The Office of Inspector General (OIG) of the Department of Health and Human Services (HHS) published an advisory opinion regarding the Anti-Kickback Statute. The OIG concluded that the Anti-Kickback Statute would not be implicated where a charitable donation is made in the name of a healthcare provider, so long as the healthcare provider does not receive a tax deduction or other monetary benefit from the donation.
The request of the advisory opinion created an online scheduling website for certain manufacturers (pharmaceutical, medical and diagnostic) to schedule a time to meet with healthcare providers to educate the providers about new products. Although the manufacturers would pay a fee for the time, healthcare providers would not be paid for their availability, nor would they have to pay to participate. Rather, healthcare providers would designate a public charity to receive donations “in name of” the healthcare provider. Restrictions on the donation include, the healthcare provider will not be entitled to a tax deductions or other monetary benefit from the donation and neither the healthcare provider nor a member of the healthcare provider’s family may be closely affiliated with the charity (i.e. serve on the charity’s board or be employed by the charity).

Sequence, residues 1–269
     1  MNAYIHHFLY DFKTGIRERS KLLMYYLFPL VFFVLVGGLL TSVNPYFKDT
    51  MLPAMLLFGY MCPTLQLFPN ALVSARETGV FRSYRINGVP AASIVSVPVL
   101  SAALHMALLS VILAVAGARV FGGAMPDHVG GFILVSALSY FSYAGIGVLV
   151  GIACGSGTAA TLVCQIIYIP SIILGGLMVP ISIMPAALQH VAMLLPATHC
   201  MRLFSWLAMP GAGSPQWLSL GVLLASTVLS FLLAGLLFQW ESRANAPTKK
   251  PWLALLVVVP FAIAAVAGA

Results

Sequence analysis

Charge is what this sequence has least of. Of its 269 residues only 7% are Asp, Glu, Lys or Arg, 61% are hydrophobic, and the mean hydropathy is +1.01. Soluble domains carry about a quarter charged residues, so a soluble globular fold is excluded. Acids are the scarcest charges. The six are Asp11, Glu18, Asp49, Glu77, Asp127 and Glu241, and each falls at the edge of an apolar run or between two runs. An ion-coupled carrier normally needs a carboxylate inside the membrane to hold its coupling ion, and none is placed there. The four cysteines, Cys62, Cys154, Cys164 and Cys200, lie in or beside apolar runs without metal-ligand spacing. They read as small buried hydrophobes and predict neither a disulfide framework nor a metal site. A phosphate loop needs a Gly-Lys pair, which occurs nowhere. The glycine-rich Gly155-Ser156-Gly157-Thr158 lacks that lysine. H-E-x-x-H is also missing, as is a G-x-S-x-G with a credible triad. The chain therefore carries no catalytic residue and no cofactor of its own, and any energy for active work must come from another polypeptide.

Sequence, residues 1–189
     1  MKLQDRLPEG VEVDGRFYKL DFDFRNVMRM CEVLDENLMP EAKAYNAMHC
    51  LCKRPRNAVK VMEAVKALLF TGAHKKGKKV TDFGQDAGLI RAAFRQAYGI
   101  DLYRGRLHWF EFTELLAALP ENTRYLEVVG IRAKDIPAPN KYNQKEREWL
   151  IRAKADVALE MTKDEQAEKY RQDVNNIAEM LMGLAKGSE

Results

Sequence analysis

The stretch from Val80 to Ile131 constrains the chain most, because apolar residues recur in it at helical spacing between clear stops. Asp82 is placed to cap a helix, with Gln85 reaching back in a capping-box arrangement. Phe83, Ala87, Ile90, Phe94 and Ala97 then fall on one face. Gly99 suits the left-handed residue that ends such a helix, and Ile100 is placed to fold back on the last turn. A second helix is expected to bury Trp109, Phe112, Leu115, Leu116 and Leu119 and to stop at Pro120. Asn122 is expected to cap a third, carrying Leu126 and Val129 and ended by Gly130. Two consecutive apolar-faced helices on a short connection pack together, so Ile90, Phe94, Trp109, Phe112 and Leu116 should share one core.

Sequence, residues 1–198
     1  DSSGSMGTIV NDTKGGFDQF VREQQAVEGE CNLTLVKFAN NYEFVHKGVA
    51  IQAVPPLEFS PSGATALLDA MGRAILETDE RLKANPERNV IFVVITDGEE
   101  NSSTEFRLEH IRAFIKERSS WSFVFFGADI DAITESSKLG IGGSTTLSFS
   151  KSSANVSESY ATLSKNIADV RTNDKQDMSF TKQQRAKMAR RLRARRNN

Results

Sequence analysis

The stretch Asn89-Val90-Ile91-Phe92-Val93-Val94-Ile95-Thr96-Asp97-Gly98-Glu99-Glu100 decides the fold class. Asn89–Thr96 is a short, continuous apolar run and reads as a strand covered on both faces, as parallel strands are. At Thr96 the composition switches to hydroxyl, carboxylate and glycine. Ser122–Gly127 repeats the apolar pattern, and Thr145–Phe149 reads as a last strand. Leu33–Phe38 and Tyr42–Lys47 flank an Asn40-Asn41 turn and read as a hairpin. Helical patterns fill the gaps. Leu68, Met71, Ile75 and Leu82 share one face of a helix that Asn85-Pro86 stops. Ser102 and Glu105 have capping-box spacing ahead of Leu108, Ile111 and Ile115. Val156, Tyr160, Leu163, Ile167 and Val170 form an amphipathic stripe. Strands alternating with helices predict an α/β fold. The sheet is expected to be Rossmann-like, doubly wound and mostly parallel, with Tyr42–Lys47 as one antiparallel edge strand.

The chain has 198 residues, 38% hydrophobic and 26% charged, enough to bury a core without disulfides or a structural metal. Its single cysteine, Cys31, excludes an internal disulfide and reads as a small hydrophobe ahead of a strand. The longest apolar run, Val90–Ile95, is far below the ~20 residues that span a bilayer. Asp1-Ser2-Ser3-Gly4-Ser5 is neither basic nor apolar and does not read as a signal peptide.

In its conclusion that this arrangement would not violate the Anti-Kickback Statute, the OIG stressed that the healthcare provider must not receive any form of remuneration, including tax incentives. In addition, the OIG noted that the requestor had put in place several safeguards to ensure that the program was not abused.
For more information on the Anti-Kickback Statute, please visit www.wachler.com or contact a Wachler & Associates attorney at 248-544-0888.